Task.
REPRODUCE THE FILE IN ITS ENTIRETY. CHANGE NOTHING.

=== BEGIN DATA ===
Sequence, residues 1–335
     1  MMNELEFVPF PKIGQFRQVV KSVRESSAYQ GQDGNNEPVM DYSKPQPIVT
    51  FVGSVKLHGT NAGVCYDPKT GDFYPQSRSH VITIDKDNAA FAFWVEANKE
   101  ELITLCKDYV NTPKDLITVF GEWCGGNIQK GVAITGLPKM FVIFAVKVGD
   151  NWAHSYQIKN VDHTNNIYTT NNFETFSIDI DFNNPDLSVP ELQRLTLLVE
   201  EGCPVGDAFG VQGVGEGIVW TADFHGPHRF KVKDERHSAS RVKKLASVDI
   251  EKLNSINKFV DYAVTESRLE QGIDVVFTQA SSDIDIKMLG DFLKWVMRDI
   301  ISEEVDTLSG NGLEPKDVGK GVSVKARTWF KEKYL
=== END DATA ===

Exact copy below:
Sequence, residues 1–335
     1  MMNELEFVPF PKIGQFRQVV KSVRESSAYQ GQDGNNEPVM DYSKPQPIVT
    51  FVGSVKLHGT NAGVCYDPKT GDFYPQSRSH VITIDKDNAA FAFWVEANKE
   101  ELITLCKDYV NTPKDLITVF GEWCGGNIQK GVAITGLPKM FVIFAVKVGD
   151  NWAHSYQIKN VDHTNNIYTT NNFETFSIDI DFNNPDLSVP ELQRLTLLVE
   201  EGCPVGDAFG VQGVGEGIVW TADFHGPHRF KVKDERHSAS RVKKLASVDI
   251  EKLNSINKFV DYAVTESRLE QGIDVVFTQA SSDIDIKMLG DFLKWVMRDI
   301  ISEEVDTLSG NGLEPKDVGK GVSVKARTWF KEKYL